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Delhi Govt again rejects radio taxi licenses of Uber, Ola & TaxiForSure


The Delhi Government has rejected the applications for licence by Uber, Ola and TaxiForSure, reports PTI. The Government mentions it rejected the filings as the cab aggregators had not complied with the ban imposed in December.

Apparently in a bid to impose the ban, the traffic cops in Delhi have been using the Uber app to call cabs, and when it comes, they impound it. As of now, the Delhi police have allegedly impounded over 150 cars in the last 24 hours. The transportation minister said several such teams had formed to get unlicensed cabs off the road.

Previously in February, the Delhi government transport department had started a consultation with the Centre to block the IP address of Uber and shut down its operations in the country if it did not get a radio taxi licence to ply. The whole saga began following an alleged rape of a 27-year old woman by one of the Uber drivers in December, when the Delhi Government considered cancelling the permission of Uber and scrutinizing the permits of all private taxi services.

The Delhi transport department had then banned Uber the same month, and later brought them under the radio taxi license. Uber however resumed operations in Delhi in January, after applying for a radio taxi license, which has now been rejected.

Interestingly, in April the Indian government ruled out banning cab-hailing apps like Uber and Ola, but said it would impose conditions to make their operations safer. This was after the the Delhi government had asked the Ministry of Communications & IT to block the online taxi booking apps of Uber and Ola in the city in March. Subsequently, ISPs in Delhi were to write to the Department of Telecom (DoT) of their inability to block websites or apps of Uber and Ola, due to the platforms using SSL encryption.

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Continuing problems: Note that earlier this week another Uber driver allegedly misbehaved with a female passenger in Gurgaon, and apparently forcibly tried to kiss her. The passenger complained to Uber, to which the company replied to say that they’ve “a zero tolerance policy for this behaviour” and that they were “following up with Vinod (the driver) appropriately, and immediately.”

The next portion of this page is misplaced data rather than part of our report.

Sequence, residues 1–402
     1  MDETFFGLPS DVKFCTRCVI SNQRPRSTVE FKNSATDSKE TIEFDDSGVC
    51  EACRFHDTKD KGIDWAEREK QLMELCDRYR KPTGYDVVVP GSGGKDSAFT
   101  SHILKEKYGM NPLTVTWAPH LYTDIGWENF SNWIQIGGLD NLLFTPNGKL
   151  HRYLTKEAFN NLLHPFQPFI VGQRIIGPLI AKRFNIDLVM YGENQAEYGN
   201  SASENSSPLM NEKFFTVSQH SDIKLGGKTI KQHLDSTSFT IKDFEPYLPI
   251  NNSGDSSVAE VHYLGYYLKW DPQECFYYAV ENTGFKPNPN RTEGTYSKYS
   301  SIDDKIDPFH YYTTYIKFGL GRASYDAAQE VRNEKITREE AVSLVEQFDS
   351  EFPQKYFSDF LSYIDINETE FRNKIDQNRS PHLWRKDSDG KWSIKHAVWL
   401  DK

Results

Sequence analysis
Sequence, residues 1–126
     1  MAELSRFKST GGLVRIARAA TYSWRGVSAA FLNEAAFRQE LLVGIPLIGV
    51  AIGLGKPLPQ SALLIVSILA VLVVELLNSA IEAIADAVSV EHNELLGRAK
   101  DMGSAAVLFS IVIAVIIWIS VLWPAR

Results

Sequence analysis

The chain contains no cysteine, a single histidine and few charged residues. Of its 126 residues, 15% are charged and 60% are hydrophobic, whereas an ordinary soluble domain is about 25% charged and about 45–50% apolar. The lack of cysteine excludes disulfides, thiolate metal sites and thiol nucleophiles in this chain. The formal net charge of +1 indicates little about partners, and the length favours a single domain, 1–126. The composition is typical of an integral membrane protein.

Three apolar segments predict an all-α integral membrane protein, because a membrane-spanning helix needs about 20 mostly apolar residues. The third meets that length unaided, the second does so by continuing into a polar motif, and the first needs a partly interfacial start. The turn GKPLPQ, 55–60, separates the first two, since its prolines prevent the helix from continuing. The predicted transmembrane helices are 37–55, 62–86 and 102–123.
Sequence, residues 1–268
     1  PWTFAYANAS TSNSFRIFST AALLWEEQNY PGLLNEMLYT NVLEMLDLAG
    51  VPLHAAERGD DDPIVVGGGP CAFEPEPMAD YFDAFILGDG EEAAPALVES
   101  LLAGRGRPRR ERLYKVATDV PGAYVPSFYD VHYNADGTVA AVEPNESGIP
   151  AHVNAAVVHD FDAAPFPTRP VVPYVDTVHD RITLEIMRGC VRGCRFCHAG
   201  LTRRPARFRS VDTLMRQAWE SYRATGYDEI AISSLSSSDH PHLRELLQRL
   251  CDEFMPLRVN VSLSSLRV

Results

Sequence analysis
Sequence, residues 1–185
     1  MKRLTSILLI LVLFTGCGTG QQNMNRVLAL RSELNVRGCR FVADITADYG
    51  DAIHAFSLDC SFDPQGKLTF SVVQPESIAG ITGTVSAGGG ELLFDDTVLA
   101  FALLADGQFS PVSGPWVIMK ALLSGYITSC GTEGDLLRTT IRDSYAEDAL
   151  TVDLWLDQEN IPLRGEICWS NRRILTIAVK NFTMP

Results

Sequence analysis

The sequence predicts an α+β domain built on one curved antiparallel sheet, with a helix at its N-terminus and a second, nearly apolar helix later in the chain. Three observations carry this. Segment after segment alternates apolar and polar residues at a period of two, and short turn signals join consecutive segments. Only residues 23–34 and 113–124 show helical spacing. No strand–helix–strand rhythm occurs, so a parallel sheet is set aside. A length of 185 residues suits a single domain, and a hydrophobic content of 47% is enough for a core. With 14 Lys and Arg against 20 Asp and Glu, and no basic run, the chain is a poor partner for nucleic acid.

Additionally, such incidents involving Uber drivers are not restricted to India. Last month, a Uber driver was accused of sexual assault in Toronto, Canada, while similar incidents have been reported in Boston, US as well. Uber has been taking steps to avoid such problems, in February, the company hired First Advantage, a service which runs background checks, to bring in additional layers of screening over and above its standard transport licensing process which includes address verification, a local criminal court search, and a national criminal database search.

Aggregator responsibility & liability:

Since Uber is an aggregator (Intermediary), it is somewhat protected by Section 79 of the IT Act, 2008. It proffers safe harbor to Intermediaries, as long as they act on complaints and do not knowingly allow the usage of their platform to break the law. So, legally Uber seems to be on safe ground, however as we have pointed out earlier there is a need for better understanding of the responsibility, accountability and liability of platforms, marketplaces and aggregators. There’s no doubt that online aggregators and marketplaces are good for consumers and competition. But then who is accountable, when things get screwed up? And what about the liability of these platforms?

It’s worth noting that earlier this year Uber had asked a US district court to dismiss the lawsuit filed by the Delhi rape victim for negligence & fraud, saying that it should not be held legally responsible for its driver’s act.

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